I am very grateful that my children are past the age of tantrums. I remember those debacles and public tantrums very well. Tantrums are not only embarrassing (when you are in a public place), but they are also difficult to handle. A child who screams is often inconsolable, and it is difficult to know exactly what to do in this type of situation.
First, it is important to understand that tantrums in young children are normal. Young children are still developing and do not have the ability to communicate their feelings properly or to handle emotions appropriately. When a child feels frustrated, angry, or upset, a tantrum is the result of their inability to communicate their wants, needs, or feelings properly. As children grow older and are more able to manage their emotions, the frequency of tantrums tends to decrease.
A study published in the journal Developmental Psychology identified a rather interesting link between children prone to tantrums and success in adulthood. The study looked at 745 participants over a 40-year period, from 1968 to 2008. Based on these observations, psychologists determined that children who were inclined to “break the rules and challenge parental authority” were more likely to have financial and professional success later in life.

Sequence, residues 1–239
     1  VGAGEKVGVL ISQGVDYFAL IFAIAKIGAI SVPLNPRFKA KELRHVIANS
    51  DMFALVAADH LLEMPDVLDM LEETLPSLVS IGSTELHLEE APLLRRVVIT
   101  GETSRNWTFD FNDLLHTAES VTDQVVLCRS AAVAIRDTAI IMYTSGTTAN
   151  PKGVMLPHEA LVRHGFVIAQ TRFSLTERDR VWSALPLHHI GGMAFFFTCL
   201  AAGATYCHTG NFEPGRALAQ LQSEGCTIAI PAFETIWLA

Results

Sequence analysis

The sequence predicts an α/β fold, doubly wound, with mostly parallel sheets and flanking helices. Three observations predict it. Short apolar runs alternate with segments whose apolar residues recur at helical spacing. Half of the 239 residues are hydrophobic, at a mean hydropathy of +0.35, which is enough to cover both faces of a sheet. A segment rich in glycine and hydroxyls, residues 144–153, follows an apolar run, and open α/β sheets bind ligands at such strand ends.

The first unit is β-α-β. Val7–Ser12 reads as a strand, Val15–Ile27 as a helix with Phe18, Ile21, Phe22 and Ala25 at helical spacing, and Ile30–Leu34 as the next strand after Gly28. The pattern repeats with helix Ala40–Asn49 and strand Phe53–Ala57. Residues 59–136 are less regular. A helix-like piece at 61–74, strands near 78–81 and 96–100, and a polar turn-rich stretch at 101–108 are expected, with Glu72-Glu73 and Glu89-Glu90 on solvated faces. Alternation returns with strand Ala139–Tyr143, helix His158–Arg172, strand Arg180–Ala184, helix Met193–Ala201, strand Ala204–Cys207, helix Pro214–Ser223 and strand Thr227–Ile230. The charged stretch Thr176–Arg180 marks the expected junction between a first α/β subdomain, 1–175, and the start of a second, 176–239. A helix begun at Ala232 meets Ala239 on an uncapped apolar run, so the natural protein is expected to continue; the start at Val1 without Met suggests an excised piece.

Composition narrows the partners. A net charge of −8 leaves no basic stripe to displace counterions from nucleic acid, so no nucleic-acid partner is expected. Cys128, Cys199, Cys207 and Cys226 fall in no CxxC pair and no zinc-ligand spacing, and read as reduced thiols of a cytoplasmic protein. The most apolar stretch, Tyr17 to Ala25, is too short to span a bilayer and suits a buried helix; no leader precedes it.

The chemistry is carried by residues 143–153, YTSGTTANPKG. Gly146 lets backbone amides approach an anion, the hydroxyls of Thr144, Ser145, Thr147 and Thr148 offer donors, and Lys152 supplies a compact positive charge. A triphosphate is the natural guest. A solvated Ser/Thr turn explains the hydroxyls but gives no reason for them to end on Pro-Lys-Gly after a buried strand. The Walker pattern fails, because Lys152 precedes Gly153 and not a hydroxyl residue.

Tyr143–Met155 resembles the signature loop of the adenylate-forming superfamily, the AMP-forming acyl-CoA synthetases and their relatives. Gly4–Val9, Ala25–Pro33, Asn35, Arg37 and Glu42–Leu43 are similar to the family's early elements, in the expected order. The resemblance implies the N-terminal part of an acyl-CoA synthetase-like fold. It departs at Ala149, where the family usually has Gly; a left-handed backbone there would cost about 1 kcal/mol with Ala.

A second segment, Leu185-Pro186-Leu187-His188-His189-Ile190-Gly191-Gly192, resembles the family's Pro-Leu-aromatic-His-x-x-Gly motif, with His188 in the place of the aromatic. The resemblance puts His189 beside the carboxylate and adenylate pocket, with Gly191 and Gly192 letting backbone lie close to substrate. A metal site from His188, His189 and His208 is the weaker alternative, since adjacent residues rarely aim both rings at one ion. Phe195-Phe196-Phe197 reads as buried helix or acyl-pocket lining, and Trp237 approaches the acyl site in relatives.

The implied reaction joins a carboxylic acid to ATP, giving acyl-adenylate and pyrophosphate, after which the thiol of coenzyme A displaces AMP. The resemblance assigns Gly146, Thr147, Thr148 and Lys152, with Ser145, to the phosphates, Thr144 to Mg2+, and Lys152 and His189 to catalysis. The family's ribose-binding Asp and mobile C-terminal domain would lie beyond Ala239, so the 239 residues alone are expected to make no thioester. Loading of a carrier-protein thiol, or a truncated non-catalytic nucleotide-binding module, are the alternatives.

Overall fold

“The results revealed direct and indirect influences of students’ characteristics (responsible student, non-compliance with rules and defiance of parental authority, and teacher-evaluated studies) throughout life on career success, after adjusting for differences in parents’ socioeconomic status and IQ at age 12,” the study authors explain. These results could mean that children who are prone to tantrums are successful in their careers and in their finances because they are not afraid to stand up for themselves, to make their wishes heard, and to achieve their goals later.
CLICK NEXT PAGE BELOW TO CONTINUE READING …